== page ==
key2 => "value2",
        key3 => "with spaces"
    },
    section2 => {
        more => "stuff"
    }
}

Key-value pairs from outside of any section show up in the _ top-level key.

The result from the IniFile.parse call is a Match object that has (nearly) all the information necessary to extract the desired match. If you turn a Match object into a string, it becomes the matched string. But there's more. You can use it like a hash to extract the matches from named submatches. For example if the top-level match from

token TOP { <block> <section>* }

produces a Match object $m, then $m<block> is again a Match object, this one from the match of the call of token block´. And$m

is a list ofMatchobjects from the repeated calls to tokensection. So aMatch` is really a tree of matches.

We can walk this data structure to extract the nested hashes. Token header matches a string like "[section1]\n", and we're only interested in"section1". To get to the inner part, we can modify token header` by inserting a pair of round parenthesis around the subregex whose match we're interested in:

token header { '[' ( <-[ \[ \] \n ]>+ ) ']' \n+ }
#                  ^^^^^^^^^^^^^^^^^^^^  a capturing group

That's a capturing group, and we can get its match by using the top-level match for header as an array, and accessing its first element. This leads us to the full INI parser:

sub parse-ini(Str $input) {
    my $m = IniFile.parse($input);
    unless $m {
        die "The input is not a valid INI file.";
    }

    sub block(Match $m) {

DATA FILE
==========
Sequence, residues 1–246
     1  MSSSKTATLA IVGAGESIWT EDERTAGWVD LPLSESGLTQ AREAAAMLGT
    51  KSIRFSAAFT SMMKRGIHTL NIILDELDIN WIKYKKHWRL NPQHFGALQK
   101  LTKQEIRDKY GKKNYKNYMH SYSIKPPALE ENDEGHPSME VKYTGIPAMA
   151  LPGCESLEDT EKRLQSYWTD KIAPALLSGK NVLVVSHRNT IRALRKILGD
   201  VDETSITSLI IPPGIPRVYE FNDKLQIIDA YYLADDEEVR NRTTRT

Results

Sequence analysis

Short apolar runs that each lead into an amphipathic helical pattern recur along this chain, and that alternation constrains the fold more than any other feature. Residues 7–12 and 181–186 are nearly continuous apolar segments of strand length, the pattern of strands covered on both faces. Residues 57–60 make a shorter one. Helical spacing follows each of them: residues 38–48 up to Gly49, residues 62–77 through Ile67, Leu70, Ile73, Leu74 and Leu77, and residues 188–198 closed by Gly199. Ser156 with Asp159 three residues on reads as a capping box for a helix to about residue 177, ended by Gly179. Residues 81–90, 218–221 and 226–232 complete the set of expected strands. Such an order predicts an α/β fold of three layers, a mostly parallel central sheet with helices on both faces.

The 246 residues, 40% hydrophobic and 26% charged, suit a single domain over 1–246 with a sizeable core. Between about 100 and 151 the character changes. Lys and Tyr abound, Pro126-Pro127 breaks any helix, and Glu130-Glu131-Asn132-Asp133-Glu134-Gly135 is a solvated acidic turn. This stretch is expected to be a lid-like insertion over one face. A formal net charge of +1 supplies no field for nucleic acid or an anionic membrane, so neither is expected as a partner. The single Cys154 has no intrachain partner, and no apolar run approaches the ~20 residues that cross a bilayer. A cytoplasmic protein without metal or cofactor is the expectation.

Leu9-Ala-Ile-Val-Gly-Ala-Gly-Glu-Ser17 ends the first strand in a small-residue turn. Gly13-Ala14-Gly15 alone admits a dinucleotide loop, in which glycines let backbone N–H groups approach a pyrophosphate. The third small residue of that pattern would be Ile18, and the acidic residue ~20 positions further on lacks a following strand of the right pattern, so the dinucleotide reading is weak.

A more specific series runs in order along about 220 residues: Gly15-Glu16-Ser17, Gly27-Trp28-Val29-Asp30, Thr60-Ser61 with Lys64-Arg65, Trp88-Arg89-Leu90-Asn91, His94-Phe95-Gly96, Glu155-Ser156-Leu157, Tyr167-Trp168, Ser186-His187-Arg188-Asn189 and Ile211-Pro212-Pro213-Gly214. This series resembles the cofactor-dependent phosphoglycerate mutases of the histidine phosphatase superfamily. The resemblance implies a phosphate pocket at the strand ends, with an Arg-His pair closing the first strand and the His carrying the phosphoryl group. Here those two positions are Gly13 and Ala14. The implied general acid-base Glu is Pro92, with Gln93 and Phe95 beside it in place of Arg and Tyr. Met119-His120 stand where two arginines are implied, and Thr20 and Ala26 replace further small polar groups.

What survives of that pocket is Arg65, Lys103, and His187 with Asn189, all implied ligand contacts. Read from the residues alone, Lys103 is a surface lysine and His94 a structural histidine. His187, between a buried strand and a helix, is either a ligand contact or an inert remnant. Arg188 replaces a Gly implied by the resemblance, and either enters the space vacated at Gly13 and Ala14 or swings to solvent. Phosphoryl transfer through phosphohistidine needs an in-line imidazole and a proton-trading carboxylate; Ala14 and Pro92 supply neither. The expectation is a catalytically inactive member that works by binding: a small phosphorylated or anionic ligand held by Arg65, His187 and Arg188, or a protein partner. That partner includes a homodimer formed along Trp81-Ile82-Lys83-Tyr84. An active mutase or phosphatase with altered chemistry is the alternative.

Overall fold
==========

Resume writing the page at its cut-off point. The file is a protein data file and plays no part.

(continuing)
my %result;
        for $m<block><pair> -> $pair {
            %result{ $pair<key>.Str } = $pair<value>.Str;
        }
        return %result;
    }

    my %result;
    %result<_> = hash-from-block($m);
    for $m<section> -> $section {
        %result{ $section<header>[0].Str } = hash-from-block($section);
    }
    return %result;
}

This top-down approach works, but it requires a very intimate understanding of the grammar's structure. Which means that if you change the structure during maintenance, you'll have a hard time figuring out how to change the data extraction code.

So Perl 6 offers a bottom-up approach as well. It allows you to write a data extraction or action method for each regex, token or rule. The grammar engine passes in the match object as the single argument, and the action method can call the routine make to attach a result to the match object. The result is available through the .made method on the match object.

This execution of action methods happens as soon as a regex matches successfully, which means that an action method for a regex can rely on the fact that the action methods for subregex calls have already run. For example when the rule pair { <key> '=' <value> \n+ } is being executed, first token key matches successfully, and its action method runs immediately afterwards. Then token value matches, and its action method runs too. Then finally rule pair itself can match successfully, so its action method can rely on $m<key>.made and $m<value>.made being available, assuming that the match result is stored in variable $m.

Speaking of variables, a regex match implicitly stores its result in the special variable $/, and it is custom to use $/ as parameter in action methods. And there is a shortcut for accessing named submatches: instead of writing $/<key>, you can write $<key>. With this convention in mind, the action class becomes: